I often describe my days as rushing from one thing to the next with little time to work on what can best be done by me. So by evening, I’m spent. But I’m also blessed to have a job where spending time with God is expected. So I try to begin every morning alone with God. Otherwise, I face the day feeling less prepared and more on edge.
Life is hectic enough around us. Yet our lives are further complicated by a connected world where the actions of persons living thousands of miles away affect us. And since we cope with our lack of control by punishing elected officials, political rhetoric draws our attention away from the real source of our problems.
For example, the protests in China over strict COVID restrictions affect the availability of Chinese imports destined for shelves in our stores. As supply drops, prices go up on seemingly unrelated items. Our appetite for lower-cost convenience keeps demand high.
Russia’s war on Ukraine is putting millions at risk of starvation. Millions depend on imported grain grown in Ukraine, which produces a large amount of the world’s demand for wheat, corn, barley, and sunflower oil. In addition, oil prices increased substantially as the purchase of Russian oil was curtailed. We feel the impact at the gas pump.
And we share the same planet. This means that excess consumption on our part negatively affects the rest of the world, and what happens elsewhere affects us. One case in point: eliminating Rain Forests in South America harms the rest of us. Another example is our addiction to animal fat is supported by ever-increasing herd sizes taking a toll on our planet.
This connectedness affects every aspect of our lives. This makes finding peace a challenge.
The pandemic reminded us that we are so tightly connected that we share disease. But it also taught us that we can share cures. Our connectedness means that we share scarcity. But we can also share abundance. And sadly, we can share conflict, but we can also share peace.
Jesus declared, “I am the good shepherd” (John 10:11). And Psalm 23 refers to His role as protector and provider. As such, Jesus leads us to that which we need and crave. We often refer to this paradox as an upside-down economy because this isn’t what we see.
Instead, we watch the greedy enriched, and the humble shutdown. As we know it, the world rewards military might with prestige and wealth. And don’t we elect the persons who degrade their opponents? Aren’t kind words for the weak and meek?
The Lord is my shepherd; I have everything I need.
The world resists the leadership of Christ in favor of promises made by louder voices with what sounds to be larger and quicker returns. The logic is hard to resist, and believers are also prone to falling for its lure. After all, don’t we accumulate more by holding onto what we have and taking it away from others?
Yet, provision in God’s economy comes from sharing. And abundance comes from serving each other. So when scripture says, “The Lord is my Shepherd; I have everything I need,” we hear a testimony of someone who truly lives as Jesus instructed us to live.
So why do the wealthier want more wealth? Why do the powerful want more power? Don’t they already have everything they need? The truth is that they don’t have that which they need the most. They don’t have inner peace.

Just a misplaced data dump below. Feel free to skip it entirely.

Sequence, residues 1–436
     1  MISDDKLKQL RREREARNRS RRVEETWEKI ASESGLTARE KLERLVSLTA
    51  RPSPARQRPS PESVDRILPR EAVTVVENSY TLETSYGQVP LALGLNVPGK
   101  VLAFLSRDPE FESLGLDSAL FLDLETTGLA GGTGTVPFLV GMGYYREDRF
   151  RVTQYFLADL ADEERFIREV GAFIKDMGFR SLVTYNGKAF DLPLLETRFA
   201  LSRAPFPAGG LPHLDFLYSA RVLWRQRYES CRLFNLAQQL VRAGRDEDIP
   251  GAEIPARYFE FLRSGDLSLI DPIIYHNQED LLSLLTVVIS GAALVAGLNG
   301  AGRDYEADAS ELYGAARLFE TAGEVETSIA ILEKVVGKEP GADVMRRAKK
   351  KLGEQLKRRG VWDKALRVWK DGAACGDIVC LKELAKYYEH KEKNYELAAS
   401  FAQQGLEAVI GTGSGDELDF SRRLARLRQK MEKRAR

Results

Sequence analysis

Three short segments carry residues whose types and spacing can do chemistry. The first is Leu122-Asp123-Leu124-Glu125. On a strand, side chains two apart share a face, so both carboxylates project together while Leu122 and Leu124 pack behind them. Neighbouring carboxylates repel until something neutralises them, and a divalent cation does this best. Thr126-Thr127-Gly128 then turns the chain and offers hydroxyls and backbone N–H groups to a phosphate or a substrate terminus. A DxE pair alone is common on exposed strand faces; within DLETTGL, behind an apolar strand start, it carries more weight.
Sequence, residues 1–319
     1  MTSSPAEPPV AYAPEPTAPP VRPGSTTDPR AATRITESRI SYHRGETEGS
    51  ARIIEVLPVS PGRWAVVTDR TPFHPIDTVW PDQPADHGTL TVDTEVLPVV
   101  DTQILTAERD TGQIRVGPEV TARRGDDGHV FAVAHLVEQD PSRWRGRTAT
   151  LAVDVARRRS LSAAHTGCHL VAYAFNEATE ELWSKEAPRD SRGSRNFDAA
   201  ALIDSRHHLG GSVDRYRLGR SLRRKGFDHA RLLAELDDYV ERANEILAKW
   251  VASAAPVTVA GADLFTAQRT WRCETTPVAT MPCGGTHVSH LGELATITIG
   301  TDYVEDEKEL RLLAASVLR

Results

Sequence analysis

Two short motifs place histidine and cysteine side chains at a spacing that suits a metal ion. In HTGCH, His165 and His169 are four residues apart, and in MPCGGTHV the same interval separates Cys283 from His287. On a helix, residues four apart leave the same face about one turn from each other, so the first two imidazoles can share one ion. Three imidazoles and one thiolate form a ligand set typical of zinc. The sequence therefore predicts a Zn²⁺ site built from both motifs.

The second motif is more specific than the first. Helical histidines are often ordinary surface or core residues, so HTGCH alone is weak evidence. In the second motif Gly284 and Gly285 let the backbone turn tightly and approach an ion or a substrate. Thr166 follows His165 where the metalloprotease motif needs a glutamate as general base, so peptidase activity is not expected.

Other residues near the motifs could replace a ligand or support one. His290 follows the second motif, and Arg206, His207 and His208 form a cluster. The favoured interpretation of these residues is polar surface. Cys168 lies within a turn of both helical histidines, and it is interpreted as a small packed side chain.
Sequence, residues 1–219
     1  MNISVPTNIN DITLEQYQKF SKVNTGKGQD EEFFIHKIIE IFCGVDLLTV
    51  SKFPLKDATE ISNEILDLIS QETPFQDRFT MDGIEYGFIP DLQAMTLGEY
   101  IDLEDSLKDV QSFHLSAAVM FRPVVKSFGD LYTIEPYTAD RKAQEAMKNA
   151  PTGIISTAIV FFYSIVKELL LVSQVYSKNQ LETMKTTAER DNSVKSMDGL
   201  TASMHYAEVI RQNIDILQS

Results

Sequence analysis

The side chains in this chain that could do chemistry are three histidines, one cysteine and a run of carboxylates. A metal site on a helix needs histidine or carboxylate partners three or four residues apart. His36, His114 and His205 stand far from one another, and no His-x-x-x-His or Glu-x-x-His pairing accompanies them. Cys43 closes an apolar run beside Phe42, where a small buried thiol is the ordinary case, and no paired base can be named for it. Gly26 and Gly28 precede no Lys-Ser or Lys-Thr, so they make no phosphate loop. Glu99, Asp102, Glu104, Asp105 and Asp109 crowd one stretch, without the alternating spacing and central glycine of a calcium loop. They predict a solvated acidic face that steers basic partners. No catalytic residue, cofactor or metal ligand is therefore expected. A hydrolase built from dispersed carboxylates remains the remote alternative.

Admittedly, it is difficult to find peace when you are lacking. The thirsty look for water, and the hungry search for food. It is hard to find peace while hungry. It’s impossible to rest when thirsty.
Peace does not come easily when we’re lacking. The imagery of Psalm 23 reminds us that Jesus brings rest in fields of green grass beside pools of fresh water. Is it possible to lack nothing and not have everything we want?
God promised that even when we go through the deepest darkness, we never go through it alone. Instead, the Good Shepherd protects us, so we need not be afraid. But there’s more.
Our Shepherd prepares a banquet with such abundance that our cups overflow. And you and I are honored guests at the Lord’s table. And there’s more.
We find peace because we know that the love of the Good Shepherd will sustain us and give us peace. Meanwhile, we gather for worship in gratitude for the good things God does for the world. Finally, we gather for worship to hear the voice of God.
Jesus said that all who belong to Him listen to His voice and follow Him. And that He knows each of them personally (John 10:27).
And this inner peace was promised to actual shepherds keeping watch over their flocks at night. The sky lit up as angels shared the good news that a baby was born that evening who would bring a peace that had eluded the world since the beginning.
“Come to me,” Jesus said, “and I will give you rest” (Matthew 11:28). “Ask, and you will receive; seek, and you will find; knock, and the door will be opened to you. The door will be opened to anyone who knocks” (Luke 11:9-10).
I invite you to join us for worship. And if you have a prayer request you can submit your request online on our website home page. In addition, prayer request forms are located around the church and during water and food giveaways.
You can join us each Sunday in person or online by clicking the button on our website’s homepage – Click here to watch. This button takes you to our YouTube channel. You can find more information about us on our website at FlintAsbury.org.
A reminder that we publish this newsletter that we call the Circuit Rider each week. You can request this publication by email. Send a request to connect@FlintAsbury.org or let us know when you send a message through our website. We post an archive of past editions on our website under the tab, Connect – choose Newsletters.
Content for this series is based in part on:
The Wonder of Christmas. An Advent worship series written and produced by © Skit Guys, 2022. Used with Permission.